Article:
By the end of the afternoon, nearly everyone had abandoned the original rally for Graeber's less formal discussion group, which became the model for Occupy's governing system. Meanwhile, untitled leader Lasn maintained the flow of ideas from up north. In early November, Lasn told a Canadian radio program that it would be a good idea for the Occupiers to leave the park before frustration and violence erupted. "Now that winter is approaching, I can see this first wild, messy, crazy Occupation phase kind of slowly winding down." He was right about the Occupation phase ending, but not slowly.

The People's Congress
Occupy Wall Street makes its decisions by consensus at what started as a nightly meeting called the general assembly. The group now holds general assembly meetings every other day, which are sometimes in Zuccotti Park or in an indoor public space on Wall Street. Attendance, though, has significantly shrunk to around 100 people a night, from as many as 1,500 before the police cleared the park. Facilitators run the meetings, but anyone is allowed to sign up to make proposals. Crowd members show approval by holding their hands up and wiggling their fingers. Downward wiggling fingers means you don't approve. Anyone can raise a finger to make a point. Rolling fingers means it's time to wrap it up. Since no bullhorns are allowed, the crowd repeats everything every speaker says, a technique dubbed the "people's mic," which has become a signature of the movement.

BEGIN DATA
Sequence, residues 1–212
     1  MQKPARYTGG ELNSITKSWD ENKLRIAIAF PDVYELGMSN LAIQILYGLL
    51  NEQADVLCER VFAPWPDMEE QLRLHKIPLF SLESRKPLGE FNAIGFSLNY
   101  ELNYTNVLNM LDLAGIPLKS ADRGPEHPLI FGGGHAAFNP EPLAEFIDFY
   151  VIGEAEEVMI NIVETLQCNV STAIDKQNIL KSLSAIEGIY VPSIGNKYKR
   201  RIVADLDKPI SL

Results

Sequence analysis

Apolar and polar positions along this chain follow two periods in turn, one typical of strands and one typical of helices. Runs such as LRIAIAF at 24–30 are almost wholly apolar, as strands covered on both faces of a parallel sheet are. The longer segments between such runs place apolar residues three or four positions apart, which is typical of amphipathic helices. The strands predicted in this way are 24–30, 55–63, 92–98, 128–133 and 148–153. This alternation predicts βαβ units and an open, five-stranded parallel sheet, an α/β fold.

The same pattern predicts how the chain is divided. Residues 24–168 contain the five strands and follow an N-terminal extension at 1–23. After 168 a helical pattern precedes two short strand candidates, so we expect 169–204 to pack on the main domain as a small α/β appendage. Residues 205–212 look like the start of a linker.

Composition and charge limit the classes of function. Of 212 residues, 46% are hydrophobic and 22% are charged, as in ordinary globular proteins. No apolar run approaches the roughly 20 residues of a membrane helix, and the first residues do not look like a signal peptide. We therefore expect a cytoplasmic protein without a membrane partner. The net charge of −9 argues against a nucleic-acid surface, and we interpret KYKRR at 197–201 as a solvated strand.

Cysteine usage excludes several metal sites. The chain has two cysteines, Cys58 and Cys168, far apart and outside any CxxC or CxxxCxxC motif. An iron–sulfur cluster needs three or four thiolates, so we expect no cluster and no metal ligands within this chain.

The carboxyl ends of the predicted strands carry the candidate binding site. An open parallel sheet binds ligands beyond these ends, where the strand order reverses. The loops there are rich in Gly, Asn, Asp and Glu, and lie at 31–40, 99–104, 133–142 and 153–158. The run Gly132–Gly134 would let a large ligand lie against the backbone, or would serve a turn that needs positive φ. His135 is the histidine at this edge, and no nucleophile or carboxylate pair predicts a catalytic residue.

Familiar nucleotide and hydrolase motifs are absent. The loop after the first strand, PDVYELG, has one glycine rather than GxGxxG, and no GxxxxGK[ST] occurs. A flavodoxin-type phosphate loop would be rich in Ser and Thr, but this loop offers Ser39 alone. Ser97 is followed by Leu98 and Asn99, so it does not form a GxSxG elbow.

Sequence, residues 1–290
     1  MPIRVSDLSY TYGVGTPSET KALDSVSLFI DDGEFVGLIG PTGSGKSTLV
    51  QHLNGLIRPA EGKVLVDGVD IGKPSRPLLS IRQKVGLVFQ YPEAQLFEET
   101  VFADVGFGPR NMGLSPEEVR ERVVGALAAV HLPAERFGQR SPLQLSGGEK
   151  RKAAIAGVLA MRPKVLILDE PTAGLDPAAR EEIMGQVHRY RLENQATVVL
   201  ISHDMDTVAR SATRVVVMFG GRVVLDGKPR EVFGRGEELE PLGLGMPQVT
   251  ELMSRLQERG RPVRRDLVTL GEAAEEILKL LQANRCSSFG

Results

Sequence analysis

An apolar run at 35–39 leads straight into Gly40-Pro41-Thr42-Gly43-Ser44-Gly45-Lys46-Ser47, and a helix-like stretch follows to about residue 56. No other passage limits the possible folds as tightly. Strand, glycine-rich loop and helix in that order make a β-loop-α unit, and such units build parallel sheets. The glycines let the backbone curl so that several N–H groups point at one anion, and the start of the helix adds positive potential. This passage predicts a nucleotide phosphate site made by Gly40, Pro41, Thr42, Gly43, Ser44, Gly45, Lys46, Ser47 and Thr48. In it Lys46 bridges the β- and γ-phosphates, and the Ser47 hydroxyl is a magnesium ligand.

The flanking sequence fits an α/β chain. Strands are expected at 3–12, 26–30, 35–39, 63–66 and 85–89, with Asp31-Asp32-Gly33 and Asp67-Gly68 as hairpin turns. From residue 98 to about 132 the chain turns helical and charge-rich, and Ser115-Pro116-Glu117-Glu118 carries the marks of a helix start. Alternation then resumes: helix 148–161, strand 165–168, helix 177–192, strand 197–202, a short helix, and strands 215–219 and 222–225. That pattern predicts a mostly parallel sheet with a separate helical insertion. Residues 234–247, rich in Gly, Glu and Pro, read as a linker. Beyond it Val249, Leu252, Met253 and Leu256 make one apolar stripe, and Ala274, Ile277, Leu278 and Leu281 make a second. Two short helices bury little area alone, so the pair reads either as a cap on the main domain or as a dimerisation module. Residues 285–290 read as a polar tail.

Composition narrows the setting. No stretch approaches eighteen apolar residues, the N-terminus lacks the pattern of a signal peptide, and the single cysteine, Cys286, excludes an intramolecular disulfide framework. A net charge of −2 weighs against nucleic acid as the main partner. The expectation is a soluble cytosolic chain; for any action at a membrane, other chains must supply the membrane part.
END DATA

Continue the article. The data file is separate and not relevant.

While the general assembly gets decisions made, a by-product is recruitment. At a time when many people believe government isn't working, the general assembly gives a sense of true democracy. A bit too much, in fact, as the group grew larger, the meetings began to drag on and become more about fund distribution than what the movement was about. "General assemblies need to go back to what they first were, which was a movement-building body," says Chris Longenecker, an original member. "They get people excited." In October 2011, when the general assemblies were pared back to every other night, a smaller spokescouncil was created to make some of the group's decisions.

Getting the Word Out
The revolution has not only been televised; it has also been tweeted, Tumblred and streamed. The Occupiers, mostly in their 20s, have been heavy users of social media to get their message to friends and the rest of the world. By November the group's Twitter account had more than 125,000 followers. Occupy Wall Street has two main websites: one that makes official statements, and another devoted to the group's meetings and day-to-day activities. The latter features a calendar of events and a list of Occupy's dozens of working groups, along with chat boards. According to that website in November, the media working group had 310 members and the Internet group 365.